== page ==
Wednesday, 23 May 2018

When the Serpent Bites by Nesly Clerge

Book Review

When the Serpent Bites by Nesly Clerge - Reading, Writing, Booking

"Frederick Starks's need gnawed at him like a painful, roving itch."

When The Serpent Bites (The Starks Trilogy Book 1) was written by Nesly Clerge and published by IngramSpark.

When the Serpent Bites has some strong elements and it's a fairly fresh concept, at least in my reading. However, I failed to connect with the main character of Starks, I found a lot of his actions and motivations at first predictable then, once it seems like he's going to see the light, he acts in an unbelievable way. It's clearly set up so that over the trilogy Starks is going to have some major personal insights, but it seems to stall in this first one of the series.

Frederick Starks has it all—a gorgeous wife who was his high school sweetheart, three beautiful children, a mansion and cars others envy, millions in the bank, respected in his community, admired by his employees, loved and respected by loyal friends. He revels in the hard-earned power and control he’s acquired. 

As the saying goes, “All that glitters is not gold,” which Starks discovers when gut-wrenching betrayal by his wife sends him over the edge and into a maximum security prison. 

There, Starks is a new “fish,” stripped of nearly everything he’s always relied on. In that place, where inmates and guards have their own rules and codes of conduct, Starks is forced to face the darker side of life, and his own darker side, especially when the betrayals, both inside and outside the prison, don’t stop.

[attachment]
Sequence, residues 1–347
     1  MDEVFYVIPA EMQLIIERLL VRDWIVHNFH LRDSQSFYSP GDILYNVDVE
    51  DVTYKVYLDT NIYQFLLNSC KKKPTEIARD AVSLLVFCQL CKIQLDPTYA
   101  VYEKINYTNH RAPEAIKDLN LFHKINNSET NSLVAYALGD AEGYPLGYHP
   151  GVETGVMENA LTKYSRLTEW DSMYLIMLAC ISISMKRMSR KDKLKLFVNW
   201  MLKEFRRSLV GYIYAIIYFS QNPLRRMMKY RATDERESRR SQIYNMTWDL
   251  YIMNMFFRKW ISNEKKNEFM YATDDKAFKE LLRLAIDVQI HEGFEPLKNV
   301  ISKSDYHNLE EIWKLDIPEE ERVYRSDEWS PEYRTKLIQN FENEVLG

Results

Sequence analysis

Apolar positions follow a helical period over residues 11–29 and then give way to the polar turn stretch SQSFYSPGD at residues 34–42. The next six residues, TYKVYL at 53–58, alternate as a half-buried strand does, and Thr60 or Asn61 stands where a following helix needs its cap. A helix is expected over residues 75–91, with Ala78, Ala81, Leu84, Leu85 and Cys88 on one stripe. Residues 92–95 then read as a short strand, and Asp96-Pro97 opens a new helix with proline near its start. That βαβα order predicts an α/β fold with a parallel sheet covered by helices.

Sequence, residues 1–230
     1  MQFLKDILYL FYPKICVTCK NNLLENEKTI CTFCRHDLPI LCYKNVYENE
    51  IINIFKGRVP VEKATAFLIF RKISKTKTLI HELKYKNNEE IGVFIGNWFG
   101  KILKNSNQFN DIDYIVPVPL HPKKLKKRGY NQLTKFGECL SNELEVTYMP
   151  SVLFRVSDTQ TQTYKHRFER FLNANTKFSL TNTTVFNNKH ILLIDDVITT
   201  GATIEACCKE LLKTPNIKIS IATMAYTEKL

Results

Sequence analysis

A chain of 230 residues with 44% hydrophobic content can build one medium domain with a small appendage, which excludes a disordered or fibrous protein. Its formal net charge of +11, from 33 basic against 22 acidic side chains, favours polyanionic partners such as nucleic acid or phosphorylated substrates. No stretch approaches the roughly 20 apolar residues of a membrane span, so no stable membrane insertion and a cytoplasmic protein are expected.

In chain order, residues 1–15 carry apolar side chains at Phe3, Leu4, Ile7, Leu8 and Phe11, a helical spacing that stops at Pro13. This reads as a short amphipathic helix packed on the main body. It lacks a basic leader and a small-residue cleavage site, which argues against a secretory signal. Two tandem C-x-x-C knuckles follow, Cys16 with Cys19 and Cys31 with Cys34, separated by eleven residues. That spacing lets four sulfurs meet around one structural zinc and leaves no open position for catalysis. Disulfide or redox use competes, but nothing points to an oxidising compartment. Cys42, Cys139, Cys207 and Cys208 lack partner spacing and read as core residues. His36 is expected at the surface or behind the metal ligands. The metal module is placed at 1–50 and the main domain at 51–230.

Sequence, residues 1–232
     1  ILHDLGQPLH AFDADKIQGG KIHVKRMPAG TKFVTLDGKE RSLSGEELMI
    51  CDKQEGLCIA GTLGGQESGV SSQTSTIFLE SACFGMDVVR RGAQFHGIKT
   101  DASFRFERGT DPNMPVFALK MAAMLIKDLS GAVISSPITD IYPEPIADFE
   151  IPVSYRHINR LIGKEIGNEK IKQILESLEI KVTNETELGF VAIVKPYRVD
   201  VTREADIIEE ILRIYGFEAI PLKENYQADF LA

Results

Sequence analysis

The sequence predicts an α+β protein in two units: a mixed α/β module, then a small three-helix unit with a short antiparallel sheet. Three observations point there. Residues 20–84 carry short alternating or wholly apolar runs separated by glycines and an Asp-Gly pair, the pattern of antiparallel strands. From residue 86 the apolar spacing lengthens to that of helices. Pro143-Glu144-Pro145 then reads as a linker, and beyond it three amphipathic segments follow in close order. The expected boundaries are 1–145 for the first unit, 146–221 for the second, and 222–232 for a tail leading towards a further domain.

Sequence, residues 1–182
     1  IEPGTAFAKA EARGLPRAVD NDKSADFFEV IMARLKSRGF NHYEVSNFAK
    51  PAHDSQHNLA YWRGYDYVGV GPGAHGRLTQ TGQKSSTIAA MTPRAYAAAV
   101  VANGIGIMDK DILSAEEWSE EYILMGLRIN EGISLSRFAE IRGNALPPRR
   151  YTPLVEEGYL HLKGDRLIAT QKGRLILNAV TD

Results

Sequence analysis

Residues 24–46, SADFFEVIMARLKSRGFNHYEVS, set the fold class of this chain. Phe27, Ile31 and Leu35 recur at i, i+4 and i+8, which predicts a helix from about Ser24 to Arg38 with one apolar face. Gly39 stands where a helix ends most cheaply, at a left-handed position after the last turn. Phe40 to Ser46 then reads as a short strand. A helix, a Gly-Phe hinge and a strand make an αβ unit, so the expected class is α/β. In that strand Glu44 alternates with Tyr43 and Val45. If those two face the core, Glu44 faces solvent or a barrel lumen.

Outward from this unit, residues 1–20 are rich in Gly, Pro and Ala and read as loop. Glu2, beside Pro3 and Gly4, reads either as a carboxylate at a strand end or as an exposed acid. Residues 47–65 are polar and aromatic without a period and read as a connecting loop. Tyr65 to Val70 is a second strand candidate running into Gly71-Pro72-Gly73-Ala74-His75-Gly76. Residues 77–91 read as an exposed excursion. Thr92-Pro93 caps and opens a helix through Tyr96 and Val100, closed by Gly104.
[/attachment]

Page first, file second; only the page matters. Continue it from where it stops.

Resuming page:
He must choose which path to follow when the line between right and wrong becomes blurred: one that leads to getting out of the physical and emotional hellhole he finds himself in or one that keeps him alive.

Starks has some pretty typical and over the top misogynistic and selfish views, and it seems at one point in the book that he's getting some realisation, but then he reverts back and becomes even worse. Maybe I just got sick of the man feeling sorry for himself.

I did like the way Starks' history is explored, you start with just his point of view of the actions that landed him in prison, then through flashbacks and sessions with his therapist the history of both Starks and his marriage starts to come out. It's well balanced and I found that neither part became too overwhelming.

I did guess a few of the revelations, some of which seemed pretty obvious, and there were a few convenient plot points littered throughout the novel.

Despite my hang ups with When the Serpent Bites I read it in almost one sitting, which rarely happens any more. So there must have been something about it, right? It's oddly compelling, especially in the way the flashbacks are balanced, and the tension in the prison scenes is palpable. Mainly I think I was hoping that Starks was going to get a grip at some point.

My Rating: 3 Stars

I received a copy of When the Serpent Bites in return for an honest review, my thanks to the author and publisher, and particularly book marketer Shayla Raquel.

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